Black Love Day has also inspired other festivities around black love since its creation. For example, artist and We Act Radio host Kymone Freeman, 45, established the Black L.U.V. (love, unity,vision) Festival with other artists in 1997. “I met Mama Ayo once I decided the event should be called Black L.U.V. Festival and that I needed the blessing of the founder of Black Love Day,” Freeman told the Daily Dot.
Freeman uses another black love hashtag, #BlackLuvMatters, for the festival, but #BlackLoveMatters is also commonly used. An event celebrating black artists known as the Black Love Experience on Feb. 20 will use the hashtag #BlackLoveDC.
Freeman believes Black Lives Matter’s growth and popularity made black love easier for people to digest, which might have sparked #BlackLoveDay’s popularity in 2015. “We’re just embracing ourselves,” he said.
“The Black Lives Matter movement has really promoted the concept of black love,” he continued. “We truly benefited from the activist work that these people have been doing, and you have white people saying ‘Black Lives Matter’ fluently. When we started black people were uncomfortable saying black love in front of white people. So that’s how far we come culturally.”
“To say ‘black love’ in a white supremacist system is revolutionary because to a colonized mind, when they hear ‘black love,’ they translate that to meaning white hate,” Freeman said. “We try to convey that loving ourselves shouldn’t be negated to hating someone else.”
Handy-Kendi is new to social media and technology, but she was happy to discover that #BlackLoveDay is a popular hashtag during an interview with the Daily Dot. She was excited to learn about hashtags, she said, because “being able to use the technology to expand this holiday will advance it quicker.” Sharing black love using the various hashtags is one way to celebrate Black Love Day, but another one Handy-Kendi suggested is to greet black people with Nya Akoma—meaning “get a heart, take patient,” or have a heart and be patient.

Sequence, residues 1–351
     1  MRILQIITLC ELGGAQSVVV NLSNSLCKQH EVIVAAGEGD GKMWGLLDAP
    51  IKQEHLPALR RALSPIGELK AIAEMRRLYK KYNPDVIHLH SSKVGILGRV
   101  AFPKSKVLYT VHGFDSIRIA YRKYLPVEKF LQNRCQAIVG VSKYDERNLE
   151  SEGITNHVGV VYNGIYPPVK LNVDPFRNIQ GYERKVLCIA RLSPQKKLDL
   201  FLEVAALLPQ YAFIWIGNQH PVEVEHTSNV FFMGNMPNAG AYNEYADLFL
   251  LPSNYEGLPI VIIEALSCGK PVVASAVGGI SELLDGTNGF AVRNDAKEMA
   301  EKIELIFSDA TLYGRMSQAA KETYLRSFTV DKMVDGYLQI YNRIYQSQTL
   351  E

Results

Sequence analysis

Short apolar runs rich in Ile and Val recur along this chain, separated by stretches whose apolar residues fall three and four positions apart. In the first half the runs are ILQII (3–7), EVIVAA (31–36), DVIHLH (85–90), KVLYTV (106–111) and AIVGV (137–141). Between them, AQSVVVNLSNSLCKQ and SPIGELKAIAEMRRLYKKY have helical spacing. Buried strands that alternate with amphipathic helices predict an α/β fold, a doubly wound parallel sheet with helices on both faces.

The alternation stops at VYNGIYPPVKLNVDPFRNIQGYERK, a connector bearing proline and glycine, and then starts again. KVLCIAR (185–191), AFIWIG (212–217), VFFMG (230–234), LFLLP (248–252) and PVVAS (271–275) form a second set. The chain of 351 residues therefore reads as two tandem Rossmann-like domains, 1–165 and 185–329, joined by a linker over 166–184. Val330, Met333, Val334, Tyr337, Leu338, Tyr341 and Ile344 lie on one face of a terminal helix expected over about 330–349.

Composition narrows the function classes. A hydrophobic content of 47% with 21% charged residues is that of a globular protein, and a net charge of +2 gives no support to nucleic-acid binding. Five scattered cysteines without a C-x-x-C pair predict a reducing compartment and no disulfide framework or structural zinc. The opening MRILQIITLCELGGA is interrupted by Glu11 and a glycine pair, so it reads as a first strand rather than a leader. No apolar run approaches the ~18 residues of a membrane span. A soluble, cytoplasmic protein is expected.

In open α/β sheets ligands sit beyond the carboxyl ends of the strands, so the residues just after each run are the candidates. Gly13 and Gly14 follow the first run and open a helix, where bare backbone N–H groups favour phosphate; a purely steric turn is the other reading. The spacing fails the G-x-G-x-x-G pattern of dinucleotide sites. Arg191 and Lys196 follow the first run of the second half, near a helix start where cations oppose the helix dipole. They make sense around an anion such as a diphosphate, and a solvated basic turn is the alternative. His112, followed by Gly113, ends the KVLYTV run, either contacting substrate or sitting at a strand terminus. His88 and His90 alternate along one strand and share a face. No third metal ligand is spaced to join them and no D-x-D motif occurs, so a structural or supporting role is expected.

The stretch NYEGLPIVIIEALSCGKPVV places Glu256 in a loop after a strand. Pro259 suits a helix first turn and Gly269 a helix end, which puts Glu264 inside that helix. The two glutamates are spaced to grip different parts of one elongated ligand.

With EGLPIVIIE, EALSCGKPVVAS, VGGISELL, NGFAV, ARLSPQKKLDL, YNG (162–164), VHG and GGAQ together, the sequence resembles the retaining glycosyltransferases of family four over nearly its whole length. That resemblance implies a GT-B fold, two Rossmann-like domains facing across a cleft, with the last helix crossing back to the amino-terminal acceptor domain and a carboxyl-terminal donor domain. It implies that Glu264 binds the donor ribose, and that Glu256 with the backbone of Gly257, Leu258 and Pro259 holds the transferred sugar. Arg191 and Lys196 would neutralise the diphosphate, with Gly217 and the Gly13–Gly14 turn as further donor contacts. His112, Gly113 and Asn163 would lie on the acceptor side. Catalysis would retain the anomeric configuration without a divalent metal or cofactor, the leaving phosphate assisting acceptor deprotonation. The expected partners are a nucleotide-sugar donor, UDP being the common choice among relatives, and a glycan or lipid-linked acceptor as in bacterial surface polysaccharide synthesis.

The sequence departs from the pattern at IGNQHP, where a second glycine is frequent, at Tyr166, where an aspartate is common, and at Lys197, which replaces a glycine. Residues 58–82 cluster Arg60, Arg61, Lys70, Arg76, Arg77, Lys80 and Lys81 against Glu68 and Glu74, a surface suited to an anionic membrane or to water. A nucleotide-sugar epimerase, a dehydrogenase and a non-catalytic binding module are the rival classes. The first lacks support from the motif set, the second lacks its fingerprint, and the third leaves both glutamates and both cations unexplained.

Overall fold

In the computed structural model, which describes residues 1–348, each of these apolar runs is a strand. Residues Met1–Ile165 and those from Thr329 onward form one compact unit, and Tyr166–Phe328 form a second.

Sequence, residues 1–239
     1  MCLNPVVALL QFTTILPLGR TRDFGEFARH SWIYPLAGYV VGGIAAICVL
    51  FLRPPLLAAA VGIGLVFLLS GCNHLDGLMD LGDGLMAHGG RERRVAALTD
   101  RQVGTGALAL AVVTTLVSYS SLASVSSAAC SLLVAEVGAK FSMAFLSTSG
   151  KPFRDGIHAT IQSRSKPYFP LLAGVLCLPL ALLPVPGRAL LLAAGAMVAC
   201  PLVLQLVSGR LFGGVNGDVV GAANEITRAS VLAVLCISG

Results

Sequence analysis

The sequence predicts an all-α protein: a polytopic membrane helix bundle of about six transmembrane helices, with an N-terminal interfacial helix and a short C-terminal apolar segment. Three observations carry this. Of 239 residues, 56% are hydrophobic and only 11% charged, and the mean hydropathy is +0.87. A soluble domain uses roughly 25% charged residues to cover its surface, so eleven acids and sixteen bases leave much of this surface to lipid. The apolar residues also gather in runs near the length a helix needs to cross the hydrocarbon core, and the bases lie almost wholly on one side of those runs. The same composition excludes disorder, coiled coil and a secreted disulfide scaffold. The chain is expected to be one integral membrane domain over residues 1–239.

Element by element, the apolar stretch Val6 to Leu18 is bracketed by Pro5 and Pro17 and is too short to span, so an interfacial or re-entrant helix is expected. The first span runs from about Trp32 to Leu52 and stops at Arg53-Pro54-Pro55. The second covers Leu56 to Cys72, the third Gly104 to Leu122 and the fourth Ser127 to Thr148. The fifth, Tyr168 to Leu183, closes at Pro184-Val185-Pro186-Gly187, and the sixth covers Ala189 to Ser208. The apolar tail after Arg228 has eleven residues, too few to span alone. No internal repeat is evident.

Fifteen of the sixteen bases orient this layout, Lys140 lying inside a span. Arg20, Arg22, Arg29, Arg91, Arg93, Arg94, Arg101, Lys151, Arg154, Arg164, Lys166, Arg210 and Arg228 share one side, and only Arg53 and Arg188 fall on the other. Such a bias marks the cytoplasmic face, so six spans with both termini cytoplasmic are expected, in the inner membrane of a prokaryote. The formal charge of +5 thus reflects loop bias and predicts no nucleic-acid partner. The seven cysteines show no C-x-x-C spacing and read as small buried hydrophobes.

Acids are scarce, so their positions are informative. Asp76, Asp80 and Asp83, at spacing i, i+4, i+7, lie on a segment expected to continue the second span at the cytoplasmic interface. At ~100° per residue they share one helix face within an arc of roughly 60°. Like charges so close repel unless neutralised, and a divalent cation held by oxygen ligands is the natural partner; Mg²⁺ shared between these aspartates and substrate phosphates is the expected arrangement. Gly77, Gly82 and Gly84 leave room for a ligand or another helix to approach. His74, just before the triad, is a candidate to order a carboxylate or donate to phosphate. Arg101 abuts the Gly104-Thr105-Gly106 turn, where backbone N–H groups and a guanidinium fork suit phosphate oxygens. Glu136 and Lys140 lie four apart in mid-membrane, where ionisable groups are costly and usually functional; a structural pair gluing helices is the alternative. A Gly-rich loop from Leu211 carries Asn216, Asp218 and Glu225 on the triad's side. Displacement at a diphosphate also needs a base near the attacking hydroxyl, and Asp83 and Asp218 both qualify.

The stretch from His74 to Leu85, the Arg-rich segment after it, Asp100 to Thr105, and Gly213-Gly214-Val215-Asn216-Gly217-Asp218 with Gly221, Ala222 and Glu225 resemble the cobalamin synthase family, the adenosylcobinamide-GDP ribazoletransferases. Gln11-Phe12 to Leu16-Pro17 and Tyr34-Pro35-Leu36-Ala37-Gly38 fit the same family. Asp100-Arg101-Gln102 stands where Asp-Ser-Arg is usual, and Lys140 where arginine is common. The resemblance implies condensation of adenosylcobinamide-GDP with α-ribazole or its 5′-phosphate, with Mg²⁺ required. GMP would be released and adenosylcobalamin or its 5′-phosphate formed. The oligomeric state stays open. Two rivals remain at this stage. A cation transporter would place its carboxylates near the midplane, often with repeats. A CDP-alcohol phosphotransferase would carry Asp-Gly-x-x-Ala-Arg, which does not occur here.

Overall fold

“We need so much black love,” Handy-Kendi continued. “Not only are police killing us, but we get out and we really raise a flag and we holler ‘Black Lives Matter!’ And black lives do matter, they matter greatly, but black lives matter within our own people just as much.” There is too much black-on-black crime, hatred and prejudices amongst black people, she said, which is why Black Love Day focuses on increasing the peace.
However, Handy-Kendi acknowledged that statistics about black-on-black crime can be used to perpetuate stereotypes and stigmas about black people. In fact, white people and other people of color are also more likely to be killed by people within their own race, according to the Department of Justice.
Black people are victims of systemic racism and aren’t to blame for this self-hatred, Handy-Kendi said. “We were taught a lot that has made it difficult to love ourselves,” she explained. “People who are hurting often hurt others. So we have been a hurting people. The fact that we are able to express so much love … is the testament to how loving that we really are on a spiritual level and essential level.”
Illustration via Max Fleishman